- ‘I Am Alive’ app gains popularity in terror-ravaged Lebanon
- Gun giveaways gain popularity among Republican candidates
- S.C. hospital worker slapped with $525 federal fine for refilling $0.89 soda
- Teen from ‘Jihad Jane’ plot becomes youngest ever to serve time on U.S. terror charges
- Iranian woman forgives son’s killer at the gallows
- Nebraska principal sorry for ‘don’t tattle’ flier
- Illinois readies to spend $100M for Obama museum in Chicago
- John Edwards back in court — this time as a lawyer for Va. boy’s malpractice case
- Covered California reports more than 200K in overtime Obamacare sign-ups
- Thanks, Chuck: Hagel says U.S. sending Ukraine sleeping mats, helmets
Inside the Beltway: 4,383 days after 9/11
“Run, Ted, run.”
— Group chant during the “Exempt America Rally” against the Affordable Care Act at the U.S. Capitol on Tuesday afternoon. Yes, Sen. Ted Cruz, Texas Republican, was speaking at the time.
WRANGLING WITH OBAMACARE
The Affordable Care Act still weighs heavily on the minds of grass-roots folks who are braced for impact as the health care law goes from legislative monster to public reality. Fiscal conservatives from FreedomWorks reveal all: the U.S. House plans to “sidestep” regular order and enable the Senate to fund Obamacare, they say.
“House Speaker John Boehner is using a procedural trick called ‘deem and pass’ to pass a continuing resolution defunding Obamacare in the House, while working out a deal that allows the Senate to remove defunding Obamacare from the continuing resolution before their vote,” says Matt Kibbe, president of the organization.
Oh, but it’s complicated. Many moving parts, many interpretive dances here.
In assorted communications, Republican Sen. Mike Lee of Utah and Rep. Mark Meadows of North Carolina have called their GOP peers to block any government funding resolution that includes money for the Affordable Care Act. Mr. Boehner and Senate Minority Leader Mitch McConnell of Kentucky, however, caution that such a rigid approach could backfire, prompting voters to blame the Republican Party if the federal government shuts down.
House Majority Leader Eric Cantor of Virginia now proposes a continuing resolution that funds the government and the health care law into December, plus a separate concurrent resolution that defunds Obamacare.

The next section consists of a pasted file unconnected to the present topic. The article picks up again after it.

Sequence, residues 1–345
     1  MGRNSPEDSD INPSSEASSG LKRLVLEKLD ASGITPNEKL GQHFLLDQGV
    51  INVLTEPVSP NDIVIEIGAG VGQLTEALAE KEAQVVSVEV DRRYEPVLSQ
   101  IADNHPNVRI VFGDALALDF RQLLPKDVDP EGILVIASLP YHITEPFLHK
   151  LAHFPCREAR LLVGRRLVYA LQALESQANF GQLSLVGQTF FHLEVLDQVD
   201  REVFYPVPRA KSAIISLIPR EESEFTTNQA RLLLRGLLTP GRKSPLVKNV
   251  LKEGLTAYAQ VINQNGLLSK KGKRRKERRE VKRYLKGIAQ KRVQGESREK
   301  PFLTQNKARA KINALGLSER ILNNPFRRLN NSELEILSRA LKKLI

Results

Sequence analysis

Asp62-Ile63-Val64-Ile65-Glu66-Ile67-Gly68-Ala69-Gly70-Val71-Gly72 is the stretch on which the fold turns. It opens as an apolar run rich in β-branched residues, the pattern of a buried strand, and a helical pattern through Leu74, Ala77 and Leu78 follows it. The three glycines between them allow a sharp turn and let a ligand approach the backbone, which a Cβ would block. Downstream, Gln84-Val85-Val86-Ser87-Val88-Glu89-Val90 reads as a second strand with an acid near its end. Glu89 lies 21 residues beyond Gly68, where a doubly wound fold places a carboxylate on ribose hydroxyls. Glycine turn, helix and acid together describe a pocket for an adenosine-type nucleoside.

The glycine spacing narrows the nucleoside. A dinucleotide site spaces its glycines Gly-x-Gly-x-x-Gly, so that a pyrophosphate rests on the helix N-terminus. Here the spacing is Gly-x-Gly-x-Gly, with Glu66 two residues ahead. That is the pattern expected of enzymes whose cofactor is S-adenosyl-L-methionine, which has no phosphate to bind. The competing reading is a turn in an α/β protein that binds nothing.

The mind reels.
“This is a classic ‘Boehner bait-and-switch’ that allows House Republicans to blink on Obamacare funding, while telling their constituents the opposite,” Mr. Kibbe complains. “The entire purpose of the Lee-Meadows letters was to link the defunding of Obamacare to the best leverage the Republicans have, the continuing resolution. Speaker Boehner is giving the Senate a ‘hall pass’ to separate the two, inevitably funding Obamacare as a result.”
And among the many petitions now in circulation comes this one from Americans for Prosperity, a free-market group.
“Now that Obamacare is about to take effect, it seems like Congress and all of President Obama’s friends are receiving exemptions. I want the president to exempt me, too,” says a brand new petition from Americans for Prosperity, a free-market grass-roots group.
“Ever since Obamacare’s inception, people have been fighting against this job-killing, bureaucratic nightmare, while a special few sought and won exemptions. With Congress’ recent action to exempt themselves, it’s time to ask the question: If Obamacare isn’t good enough for Congress, then why force it upon the American people?” says Tim Phillips, president of the organization.
POLL DU JOUR
• 51 percent of U.S. voters say the U.S. is safer today than it was before 9/11; 38 percent of Republicans, 48 percent of conservatives, 64 percent of Democrats and 61 percent of liberals agree.
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About the Author
- Inside the Beltway: An agenda-free Easter
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